While the adhesive is waiting for its second stir we have time to make our straight-edge spacers. Tape 2 pieces of timber together and lay them alongside a tile that has been spaced using a spacer off of another tile.  Mark the timber so that it represents the distance of 1 tile plus the joint.

Having done this cut the timbers so that you have 2 pieces of timber that are identical in length. These 2 timbers will now be your spacers for the straight-edges for the whole job.

We are now ready to tile.

Because the first row of tiles is cuts the spreader will not fold small enough to accommodate this therefore the system requires that the cut tile and the full tile be laid together. We do this by firstly spreading a bed of adhesive alongside the wall for about 4 or 5 tiles. Pick up the spreader and return to the beginning only this time place the spreader alongside the straight-edge and spread enough adhesive to lay the first tile. Lay the first full tile alongside the straightedge by holding the near edge against the straightedge and slowly letting the tile drop into position, with a modest pressure the tile is bedded. Next lay the first cut tile above the first full tile. The spreader must now be dragged at least another tile length to lay the number 2 tile and cut. This is repeated until you reach the end of the first adhesive spread. Now move the spreader to the outside position once more, paying attention to make sure that the wing next to the wall is clean, and spread the adhesive for another 4 or so tiles and repeat the whole process until the row is complete.

Using the straight-edge spacers we have just made, set the straight-edges 1 tile and joint down from the tiles we have just laid. Don`t forget to chock the straight-edges with a suitable weight such as tiles that might be used later. The spreader is now placed at the beginning and a reasonable amount of adhesive is poured close to the mouth of the spreader. Using the gauging trowel spread the adhesive alongside the teeth and make sure the corners are filled.  Hold the corners firmly and drag the spreader alongside of the straight-edge.  Replenish the adhesive when it appears low or when vacancies occur.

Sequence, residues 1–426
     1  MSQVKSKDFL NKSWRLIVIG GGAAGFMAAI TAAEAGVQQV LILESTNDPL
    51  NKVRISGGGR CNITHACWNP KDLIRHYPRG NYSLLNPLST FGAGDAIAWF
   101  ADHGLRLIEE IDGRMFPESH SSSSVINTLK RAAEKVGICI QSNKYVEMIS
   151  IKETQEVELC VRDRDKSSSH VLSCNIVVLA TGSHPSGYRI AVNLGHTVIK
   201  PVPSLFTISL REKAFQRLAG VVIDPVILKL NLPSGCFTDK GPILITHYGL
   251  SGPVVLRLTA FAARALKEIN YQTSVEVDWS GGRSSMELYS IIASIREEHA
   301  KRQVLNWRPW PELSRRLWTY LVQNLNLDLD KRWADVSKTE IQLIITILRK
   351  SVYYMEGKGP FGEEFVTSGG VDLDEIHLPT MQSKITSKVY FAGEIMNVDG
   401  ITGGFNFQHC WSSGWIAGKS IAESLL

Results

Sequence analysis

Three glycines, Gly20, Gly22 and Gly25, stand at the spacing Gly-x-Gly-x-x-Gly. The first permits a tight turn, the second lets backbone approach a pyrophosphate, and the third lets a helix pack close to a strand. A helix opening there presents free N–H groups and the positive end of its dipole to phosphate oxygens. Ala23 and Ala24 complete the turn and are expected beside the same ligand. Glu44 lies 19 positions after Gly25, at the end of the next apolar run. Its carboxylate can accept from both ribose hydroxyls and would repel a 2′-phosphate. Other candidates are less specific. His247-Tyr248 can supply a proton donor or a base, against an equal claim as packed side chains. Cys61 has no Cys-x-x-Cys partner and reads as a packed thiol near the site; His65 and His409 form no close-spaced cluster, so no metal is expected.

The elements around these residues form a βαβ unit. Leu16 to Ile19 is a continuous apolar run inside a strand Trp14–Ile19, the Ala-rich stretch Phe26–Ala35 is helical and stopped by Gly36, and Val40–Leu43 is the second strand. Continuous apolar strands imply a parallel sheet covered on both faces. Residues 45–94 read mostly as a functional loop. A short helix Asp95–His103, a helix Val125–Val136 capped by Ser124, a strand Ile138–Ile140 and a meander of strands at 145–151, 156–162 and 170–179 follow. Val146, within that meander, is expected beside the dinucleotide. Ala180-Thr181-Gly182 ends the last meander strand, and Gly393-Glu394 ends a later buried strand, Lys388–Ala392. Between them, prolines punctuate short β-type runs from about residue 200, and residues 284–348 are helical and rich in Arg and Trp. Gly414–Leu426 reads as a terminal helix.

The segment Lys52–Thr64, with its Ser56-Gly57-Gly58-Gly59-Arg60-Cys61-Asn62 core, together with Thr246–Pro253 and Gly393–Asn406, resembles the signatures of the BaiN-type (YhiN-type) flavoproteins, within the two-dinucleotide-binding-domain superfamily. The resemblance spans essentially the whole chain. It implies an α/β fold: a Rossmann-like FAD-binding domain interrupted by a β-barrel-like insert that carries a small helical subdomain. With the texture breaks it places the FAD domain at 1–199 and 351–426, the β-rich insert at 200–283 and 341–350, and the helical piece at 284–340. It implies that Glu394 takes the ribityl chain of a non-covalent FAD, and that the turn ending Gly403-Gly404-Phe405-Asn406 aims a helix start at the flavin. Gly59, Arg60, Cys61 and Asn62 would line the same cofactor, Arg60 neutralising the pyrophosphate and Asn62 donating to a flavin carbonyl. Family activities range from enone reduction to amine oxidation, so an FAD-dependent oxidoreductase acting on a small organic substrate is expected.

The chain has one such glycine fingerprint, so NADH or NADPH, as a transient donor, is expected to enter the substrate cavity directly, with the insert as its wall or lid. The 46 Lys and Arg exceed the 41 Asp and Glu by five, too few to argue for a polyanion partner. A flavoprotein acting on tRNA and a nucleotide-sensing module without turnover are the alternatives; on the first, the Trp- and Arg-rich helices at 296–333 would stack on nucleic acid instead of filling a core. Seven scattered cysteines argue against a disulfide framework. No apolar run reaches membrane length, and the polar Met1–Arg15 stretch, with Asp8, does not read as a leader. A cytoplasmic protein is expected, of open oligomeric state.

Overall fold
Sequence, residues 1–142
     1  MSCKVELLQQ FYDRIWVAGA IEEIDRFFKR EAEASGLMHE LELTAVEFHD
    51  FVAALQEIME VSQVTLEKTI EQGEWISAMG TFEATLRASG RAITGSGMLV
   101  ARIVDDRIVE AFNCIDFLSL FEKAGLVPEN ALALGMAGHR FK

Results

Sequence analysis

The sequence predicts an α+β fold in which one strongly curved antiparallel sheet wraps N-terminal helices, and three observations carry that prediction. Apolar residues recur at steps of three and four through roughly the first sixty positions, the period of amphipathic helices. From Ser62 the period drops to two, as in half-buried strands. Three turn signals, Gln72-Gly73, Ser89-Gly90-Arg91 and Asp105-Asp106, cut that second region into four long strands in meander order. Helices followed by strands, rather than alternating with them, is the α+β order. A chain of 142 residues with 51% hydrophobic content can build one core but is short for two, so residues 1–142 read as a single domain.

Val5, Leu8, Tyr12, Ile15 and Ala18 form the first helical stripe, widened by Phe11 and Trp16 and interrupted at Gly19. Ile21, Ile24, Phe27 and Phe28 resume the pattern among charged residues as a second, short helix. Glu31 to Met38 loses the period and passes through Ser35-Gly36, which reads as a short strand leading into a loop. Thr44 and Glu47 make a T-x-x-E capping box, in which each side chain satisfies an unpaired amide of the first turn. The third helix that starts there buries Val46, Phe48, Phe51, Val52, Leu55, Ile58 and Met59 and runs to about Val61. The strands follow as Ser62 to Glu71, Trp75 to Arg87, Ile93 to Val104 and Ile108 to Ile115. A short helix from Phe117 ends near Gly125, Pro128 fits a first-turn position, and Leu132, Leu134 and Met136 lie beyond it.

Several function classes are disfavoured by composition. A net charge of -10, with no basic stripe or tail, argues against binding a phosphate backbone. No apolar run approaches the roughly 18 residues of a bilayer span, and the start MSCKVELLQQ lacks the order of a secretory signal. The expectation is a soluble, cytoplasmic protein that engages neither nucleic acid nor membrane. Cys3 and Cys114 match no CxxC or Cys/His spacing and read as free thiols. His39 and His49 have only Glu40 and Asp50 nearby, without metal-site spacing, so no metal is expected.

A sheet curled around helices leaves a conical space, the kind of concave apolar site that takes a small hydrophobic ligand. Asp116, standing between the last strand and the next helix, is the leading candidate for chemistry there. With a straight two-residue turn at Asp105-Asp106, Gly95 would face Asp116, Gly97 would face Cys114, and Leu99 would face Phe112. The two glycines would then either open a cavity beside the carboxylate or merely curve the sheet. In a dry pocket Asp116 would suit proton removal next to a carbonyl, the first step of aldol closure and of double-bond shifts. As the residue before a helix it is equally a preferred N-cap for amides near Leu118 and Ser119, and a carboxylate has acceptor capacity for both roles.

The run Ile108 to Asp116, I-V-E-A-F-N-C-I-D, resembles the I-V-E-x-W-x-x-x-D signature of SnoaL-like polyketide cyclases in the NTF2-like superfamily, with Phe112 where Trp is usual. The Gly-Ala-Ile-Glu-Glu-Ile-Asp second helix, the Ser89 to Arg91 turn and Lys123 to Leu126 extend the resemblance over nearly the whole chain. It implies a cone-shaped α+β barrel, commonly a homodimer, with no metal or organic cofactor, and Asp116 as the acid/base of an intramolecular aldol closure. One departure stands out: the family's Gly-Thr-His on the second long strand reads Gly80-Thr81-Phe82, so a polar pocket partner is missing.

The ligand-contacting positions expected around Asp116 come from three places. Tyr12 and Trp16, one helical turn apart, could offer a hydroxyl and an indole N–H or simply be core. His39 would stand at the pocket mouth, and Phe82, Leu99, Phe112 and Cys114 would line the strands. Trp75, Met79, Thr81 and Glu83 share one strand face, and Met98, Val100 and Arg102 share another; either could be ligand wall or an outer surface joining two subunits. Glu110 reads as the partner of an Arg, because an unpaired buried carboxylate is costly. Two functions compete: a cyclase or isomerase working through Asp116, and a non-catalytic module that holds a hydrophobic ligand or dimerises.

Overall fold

When the floor tiling has been completed and allowed to set it is ready for grouting. The instructions on the grout packet will aid in the mixing .As with every part of tiling grouting poses no great problem. This is probably the best part of tiling because suddenly the whole project is completed.

Using an appropriate grouting tool spread and fills the joints in a diagonal motion. This will stop most pin-holes developing.  Try to remove most of the grout from the surface of the tiles.

With a damp to mildly wet sponge rub over the whole grouted floor, rinsing regularly.

Once the floor has dried it will appear smeary just like an automobile does during the polishing process. The same as an automobile, the floor is now ready to be buffed.

After buffing the job is complete and you can stand back and marvel at your handiwork.

It looks great, doesn’t it?

Tiling on the 45 degree or Diamond uses the same system as regular tiling .We still use the straight-edges and straight-edge spacers. The only difference is that this time we are positioned diagonally across the room. It is very handy to incorporate a border which can be adjusted in width to accommodate a full triangle at all ends of the room.

Work out the size of the border by firstly flicking a line though the centre of the room length wise and square a line off of that using the 3 4 5 method as before .

Place a straight-edge on that line and starting at the centre line place tiles out dry in a diamond fashion until the wall is reached .Now we can see how big our border must be.

Starting from the corner you must now spread adhesive freehand and lay the border and triangles etc. until you get to a suitable distance to start working with a straight-edge. If you measure from the corner to the edge of your work along a wall and then back along the other wall to the other edge you can ascertain whether or not you are running correctly. At this stage it is easy to adjust the tiles.

By now you will have realised that when placing down the straight-edges you must allow room for the spreader to pass alongside the wall between the straight-edge.